Stress-Free Scott Shares Lead

By Sports NetworkNovember 3, 2006, 5:00 pm
2006 The TOUR Championship presented by Coca-ColaATLANTA -- Joe Durant played his way into The TOUR Championship with a six-week run of spectacular golf.
He needs it to last two more days.
'I'm just trying to stay out of my own way right now and not wake up for a little while longer,' Durant said Friday after shooting another 2-under 68 to remain tied for the lead at East Lake Golf Club.
Retief Goosen
Overnight co-leader Retief Goosen shot 1-over 71 Friday to fall three back.
Durant saved par from a bunker at the tough, par-3 18th for the second day in a row and ended atop the leaderboard alongside Australian Adam Scott at 4-under-par 136.
With a win and three other top-5 finishes in his last four starts, Durant made it to 23rd on the PGA TOUR money list to earn his berth in the PGA TOUR's final event.
'Two more days and I can have a nice offseason,' said Durant, whose title at the Funai Classic two weeks ago was his first in five years.
Scott fired a 3-under 67, just missing a long putt at 18 that would have given him the outright lead. He and Durant are three shots ahead of Retief Goosen, Stuart Appleby, Trevor Immelman and Brett Quigley.
Durant shared the first-round lead with Goosen after a cold, blustery Thursday that saw scores skyrocket among some of golf's biggest names. Playing in the final pairing with the two-time U.S. Open winner on Friday, Durant more than held his own.
After making a bogey at the par-3 second, Durant posted birdies at Nos. 4, 7 and 9 to make the turn tied with Scott at 4 under.
'I was kind of tentative starting out,' Durant said. 'I don't know why I felt nervous today, but I kind of did starting out. After I birdied No. 4 I kind of settled down and got into a rhythm.'
Durant drained a 17-foot birdie putt at the 12th to take a brief one-shot lead on Scott, then fell back into a tie when he made bogey from a fairway bunker at the 13th.
The key to his round was a series of saved pars on the final five holes, including one from the rough at the par-5 15th, and a pair of two-putts from 30 feet at the 16th and 17th holes.
Then, at the 18th, Durant found the same bunker he had on Thursday. From 35 yards away, he chipped within 9 feet and made the par putt to remain tied with Scott, who was already in the clubhouse.
'That's a very difficult hole for me,' Durant said, 'because I'm right in between clubs -- a 5-wood's too much and a 3-iron is just not enough. I am lucky to have made two pars from that bunker.'
Scott, who hasn't won since 2004, had four birdies on the front nine. He made a 6-foot birdie putt at the ninth that put him at 5 under and in sole possession of the lead, but gave that shot back when he made bogey from a bunker at the 10th.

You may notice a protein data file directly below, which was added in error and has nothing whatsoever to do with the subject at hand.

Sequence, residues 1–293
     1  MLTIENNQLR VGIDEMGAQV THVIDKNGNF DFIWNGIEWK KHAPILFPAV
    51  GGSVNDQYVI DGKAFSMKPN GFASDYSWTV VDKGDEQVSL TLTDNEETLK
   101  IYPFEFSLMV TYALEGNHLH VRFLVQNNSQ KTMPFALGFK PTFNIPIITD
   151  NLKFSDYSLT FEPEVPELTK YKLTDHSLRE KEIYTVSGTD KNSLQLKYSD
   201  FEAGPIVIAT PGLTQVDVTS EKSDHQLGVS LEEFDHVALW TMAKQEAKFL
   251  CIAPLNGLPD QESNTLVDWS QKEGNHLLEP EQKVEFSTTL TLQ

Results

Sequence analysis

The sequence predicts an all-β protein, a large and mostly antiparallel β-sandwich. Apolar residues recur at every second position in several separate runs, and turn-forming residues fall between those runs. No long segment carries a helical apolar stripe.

A series of frustrating putts -- a 12-footer at the 17th lipped out, an impressive 33-foot try at the 18th just missed -- left Scott with disappointing pars, but in good position heading to the weekend.
'I hit good putts,' he said, 'but they were obviously just slight misreads.'
One thing is sure this week: East Lake, home of Bobby Jones, is playing like a U.S. Open course. Grinding it out for pars just might get the job done.
'When you don't drop shots, it makes life a lot easier out there,' said Scott, who ranks fourth in driving accuracy and third in greens in regulation. 'I think the key to that around here is getting in the fairway off the tee.'
For Durant, who is tops in putting, the key has been to find a way to make the intermediate putts.
'That's really been the difference,' he said, 'the 4-to-10-foot range putt that I've been making.'
Among the remaining pack, several players took their shots at the lead Friday.
Goosen, the 2004 champion, led by one after an eight-foot birdie at No. 3. But he was done in by a pair of bogeys, including a three-putt disaster at the par-5 15th. He shot a 1-over 71 to end alongside Appleby, fellow South African Immelman and Quigley at 1-under 139.
The highlight of Appleby's round was a chip-in birdie from 60 feet at the 15th. The Australian had five birdies, three bogeys and a double-bogey in a round of 70.
Immelman shot a 4-under 66 and earned his share of third place with three birdies on his final five holes, including one from 22 feet at the tough 18th.
Quigley's round was less up-and-down than the others, a steady 2-under 68 that featured two birdies and 16 pars.
World No. 2 Jim Furyk -- the only top-three golfer in the field after Tiger Woods and Phil Mickelson opted out -- shot a 1-over 71 to fall from a tie for third into a tie for seventh place.
He was joined at even-par 140 by Luke Donald (67) and Zack Johnson (69).
Vijay Singh, the 2002 winner, had a 2-over 72 and shares 10th place with Arron Oberholser (70) and Tom Pernice, Jr. (72) at 141.
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